Business

Jamaica perceived as not so 'clean'

Barbados, Bahamas, St Lucia get high marks

Friday, December 07, 2012    

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JAMAICA'S corruption ranking may have improved, but an international watchdog group still gives the island a poor grade and rates it among the most corrupt in the region.

Transparency International, in its recent publication of its 2012 Corruption Perception Index (CPI), ranked Jamaica at 83 of 176 countries with a score of 38, where, on a scale of zero-100, zero means that a country is perceived as highly corrupt and 100 means that a country is perceived to be 'clean'.

Jamaica has actually improved its ranking for three consecutive years, from a high of 99 in 2009. The country ranked 86 out of 182 countries in 2011, with a CPI score of 3.3 of 10.

But the Office of the Contractor General (OCG), while welcoming the marginal drop in Jamaica's corruption ranking, said it should not be taken as a prompt to relax, especially when the country's performance is compared to its regional counterparts.

Only Haiti, Guyana and Dominican Republic rank worst than Jamaica in the Caribbean on the 2012 Corruption Perception Index. Haiti is ranked at 165, with a CPI of 19; Guyana is rated 133rd, with a score of 28; while Dominican Republic is 118th, with a score of 32.

Barbados is the highest ranked Caribbean country at 15, with a CPI score of 76. They are followed by Bahamas and St Lucia, which tied with an overall ranking of 22 and CPI scores of 71. St Vincent and the Grenadines, and Dominica, are ranked 36th and 41st respectively with scores of 62 and 58. Trinidad and Tobago — which leapfrogged Jamaica in the rankings from last year — is ranked at 80 with a CPI score of 39.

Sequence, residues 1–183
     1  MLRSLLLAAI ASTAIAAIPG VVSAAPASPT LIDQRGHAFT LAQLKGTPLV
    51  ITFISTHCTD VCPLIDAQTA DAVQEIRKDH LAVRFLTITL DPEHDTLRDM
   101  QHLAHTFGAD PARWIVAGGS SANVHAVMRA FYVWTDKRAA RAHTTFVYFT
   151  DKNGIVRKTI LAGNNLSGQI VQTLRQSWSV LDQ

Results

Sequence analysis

"As we acknowledge Jamaica's improvement, due regard must be given to the upward trend of many of our Caribbean counterparts, specifically, the advancement of the Republic of Trinidad and Tobago, which has increased its CPI score from 3.2 of 10 in 2011 to 39 of 100 this year, surpassing Jamaica's performance," the OCG stated.

It said the anti-corruption effort of the twin-island republic, Barbados and St Lucia, among others, must be commended and ought to stand as an example for Jamaica in its own anti-corruption efforts.

Financial analyst Dennis Chung said the fact that Jamaica has been unable to tackle the corruption problem shows that the country's whole bureaucracy needs revamping.

"We haven't been able to move on the legislations we need to move on and we haven't been able to do anything about the justice system because even jurors who the justice system depend on are not being paid," said Chung. "And unless we tackle those things we will never be able to seriously tackle the issue of corruption, all we will be doing is putting band-aids on it and creating different rules to pile on top of the bureaucracy and I think that's the main task that we face."

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